Friday night at the Multi-Purpose Center saw an interesting blend of western and Asian cultures. The SSHS Manta Band performed. First the advanced band 1 played 2 pieces, Arirang and Caprice. Most of these students have been playing music for just 1 1/2 school years, yet their performance was enjoyable and enthusiastic.
Then the Manta advanced band 2 played 3 pieces. The first was a piece by John Chance that they will perform at Central Park in NYC this April. The other two, which will be played at Carnegie Hall in NYC in April, were more familiar--Invincible Eagle by John Phillip Sousa and a Duke Ellington piece.
Their performance was greeted with much applause from the crowd, which was sold out and standing room only (with people standing in the back!).
After a short break, the audience watched a group of Korean dancers drum and march; then a dance called "yard of drums;" and then three acts of a Korean dance/story. I loved the gongs in the first piece. The women drumming in the second piece were mesmerizing. And then the rest of the show was swirling skirts, graceful movement, strong rhythms and an enchanting, but slightly eerie music.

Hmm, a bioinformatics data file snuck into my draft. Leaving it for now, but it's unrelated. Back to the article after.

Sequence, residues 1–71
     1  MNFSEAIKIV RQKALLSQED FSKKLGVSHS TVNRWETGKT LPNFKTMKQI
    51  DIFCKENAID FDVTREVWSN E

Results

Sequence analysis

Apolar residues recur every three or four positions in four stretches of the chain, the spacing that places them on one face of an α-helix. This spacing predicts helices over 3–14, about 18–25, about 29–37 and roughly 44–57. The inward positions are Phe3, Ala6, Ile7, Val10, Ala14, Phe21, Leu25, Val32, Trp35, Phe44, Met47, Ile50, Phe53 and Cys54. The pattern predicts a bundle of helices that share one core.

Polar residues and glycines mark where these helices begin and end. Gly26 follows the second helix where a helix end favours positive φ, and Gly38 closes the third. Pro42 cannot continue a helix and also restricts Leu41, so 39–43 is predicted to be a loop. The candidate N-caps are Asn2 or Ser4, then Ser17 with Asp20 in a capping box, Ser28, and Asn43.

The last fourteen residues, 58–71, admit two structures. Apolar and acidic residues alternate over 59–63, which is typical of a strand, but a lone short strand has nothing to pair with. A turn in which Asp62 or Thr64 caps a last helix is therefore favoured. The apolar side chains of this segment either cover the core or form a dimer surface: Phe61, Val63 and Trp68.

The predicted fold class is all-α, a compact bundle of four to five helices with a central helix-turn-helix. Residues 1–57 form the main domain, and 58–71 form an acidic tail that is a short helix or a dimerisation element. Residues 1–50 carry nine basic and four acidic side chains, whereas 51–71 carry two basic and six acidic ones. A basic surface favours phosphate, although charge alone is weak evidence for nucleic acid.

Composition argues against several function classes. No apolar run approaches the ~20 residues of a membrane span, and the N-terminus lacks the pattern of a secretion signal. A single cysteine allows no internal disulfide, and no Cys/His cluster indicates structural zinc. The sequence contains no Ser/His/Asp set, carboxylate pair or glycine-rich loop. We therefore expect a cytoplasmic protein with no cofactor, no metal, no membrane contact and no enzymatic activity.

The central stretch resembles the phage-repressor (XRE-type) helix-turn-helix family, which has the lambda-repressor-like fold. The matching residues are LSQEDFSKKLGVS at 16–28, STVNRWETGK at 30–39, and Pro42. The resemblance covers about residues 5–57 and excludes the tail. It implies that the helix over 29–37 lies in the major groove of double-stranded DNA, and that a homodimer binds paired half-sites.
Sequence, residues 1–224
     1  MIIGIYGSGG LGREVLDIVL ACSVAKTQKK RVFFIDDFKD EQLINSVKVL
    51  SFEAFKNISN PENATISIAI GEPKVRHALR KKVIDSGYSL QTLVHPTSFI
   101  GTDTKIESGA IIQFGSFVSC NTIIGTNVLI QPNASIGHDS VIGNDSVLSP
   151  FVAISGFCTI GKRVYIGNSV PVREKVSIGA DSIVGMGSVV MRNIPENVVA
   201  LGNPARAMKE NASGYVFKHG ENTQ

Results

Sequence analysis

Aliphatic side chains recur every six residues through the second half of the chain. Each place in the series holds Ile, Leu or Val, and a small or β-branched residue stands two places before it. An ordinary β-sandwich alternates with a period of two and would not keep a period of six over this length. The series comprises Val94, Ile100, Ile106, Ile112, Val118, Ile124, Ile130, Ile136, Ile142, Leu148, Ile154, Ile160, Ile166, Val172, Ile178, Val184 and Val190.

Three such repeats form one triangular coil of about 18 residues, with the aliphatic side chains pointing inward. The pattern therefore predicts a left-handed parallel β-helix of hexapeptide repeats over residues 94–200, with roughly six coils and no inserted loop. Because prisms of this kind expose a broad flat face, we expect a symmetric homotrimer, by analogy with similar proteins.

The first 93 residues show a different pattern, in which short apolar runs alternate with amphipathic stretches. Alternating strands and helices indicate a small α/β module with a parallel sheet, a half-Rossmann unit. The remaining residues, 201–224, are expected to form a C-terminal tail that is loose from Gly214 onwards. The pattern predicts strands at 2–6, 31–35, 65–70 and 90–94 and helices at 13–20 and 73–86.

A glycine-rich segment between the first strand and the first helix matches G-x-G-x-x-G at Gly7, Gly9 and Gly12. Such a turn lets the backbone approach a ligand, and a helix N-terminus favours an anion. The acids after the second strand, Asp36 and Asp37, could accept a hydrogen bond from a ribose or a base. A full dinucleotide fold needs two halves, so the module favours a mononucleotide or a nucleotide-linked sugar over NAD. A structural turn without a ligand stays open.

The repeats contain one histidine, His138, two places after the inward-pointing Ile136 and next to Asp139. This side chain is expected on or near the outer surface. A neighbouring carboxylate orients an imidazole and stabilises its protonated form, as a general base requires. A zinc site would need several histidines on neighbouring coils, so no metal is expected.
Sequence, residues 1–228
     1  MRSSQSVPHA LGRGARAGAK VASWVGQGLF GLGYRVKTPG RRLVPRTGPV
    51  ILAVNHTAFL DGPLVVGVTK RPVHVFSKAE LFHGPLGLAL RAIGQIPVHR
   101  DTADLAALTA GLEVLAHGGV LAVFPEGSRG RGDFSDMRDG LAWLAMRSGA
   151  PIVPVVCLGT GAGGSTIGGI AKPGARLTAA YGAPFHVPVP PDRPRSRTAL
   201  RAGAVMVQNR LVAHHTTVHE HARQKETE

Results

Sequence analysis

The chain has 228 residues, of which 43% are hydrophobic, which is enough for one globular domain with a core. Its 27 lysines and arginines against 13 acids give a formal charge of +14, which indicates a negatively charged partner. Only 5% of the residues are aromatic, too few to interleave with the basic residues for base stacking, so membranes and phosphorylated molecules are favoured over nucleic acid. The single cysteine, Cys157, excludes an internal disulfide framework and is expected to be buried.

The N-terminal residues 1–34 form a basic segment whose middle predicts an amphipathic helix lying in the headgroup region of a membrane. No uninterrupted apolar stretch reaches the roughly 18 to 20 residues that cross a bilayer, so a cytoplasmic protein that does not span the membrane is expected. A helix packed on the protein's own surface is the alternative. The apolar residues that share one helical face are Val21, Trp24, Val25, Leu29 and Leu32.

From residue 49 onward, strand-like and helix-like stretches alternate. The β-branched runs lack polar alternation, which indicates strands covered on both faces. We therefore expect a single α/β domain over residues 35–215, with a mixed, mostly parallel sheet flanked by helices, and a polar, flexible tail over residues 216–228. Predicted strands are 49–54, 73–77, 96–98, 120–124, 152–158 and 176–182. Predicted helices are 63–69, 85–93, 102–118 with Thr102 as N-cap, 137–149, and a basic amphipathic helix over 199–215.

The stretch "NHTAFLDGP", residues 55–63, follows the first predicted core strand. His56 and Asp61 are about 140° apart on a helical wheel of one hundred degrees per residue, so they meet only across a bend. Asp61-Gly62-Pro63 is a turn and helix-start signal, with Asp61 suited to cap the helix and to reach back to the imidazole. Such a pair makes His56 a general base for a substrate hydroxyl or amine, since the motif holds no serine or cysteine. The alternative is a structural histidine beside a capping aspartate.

I couldn't help but realize how little I know culturally of this type of dance and I wonder how much I missed. But even from my very limited point of view, it was a beautiful and impressive performance.
When it was over the two groups exchanged greetings and offers of friendship and posed for many photographs.
Manta Band and Korean dancers.
The Korean dancers, who had arranged and scheduled the entire show, donated the proceeds to the Manta Band for their April Carnegie Hall trip.
Joseph Jang and Craig Garrison with the donations box.
The Korean Dance group also gave a $1,000 donation to the Manta Band. SSHS Principal Craig Garrison expressed thanks and was all smiles throughout the evening. The generous donation from Mr. Park and the entire Korean Dance group will be used for the Manta's Carnegie Hall trip.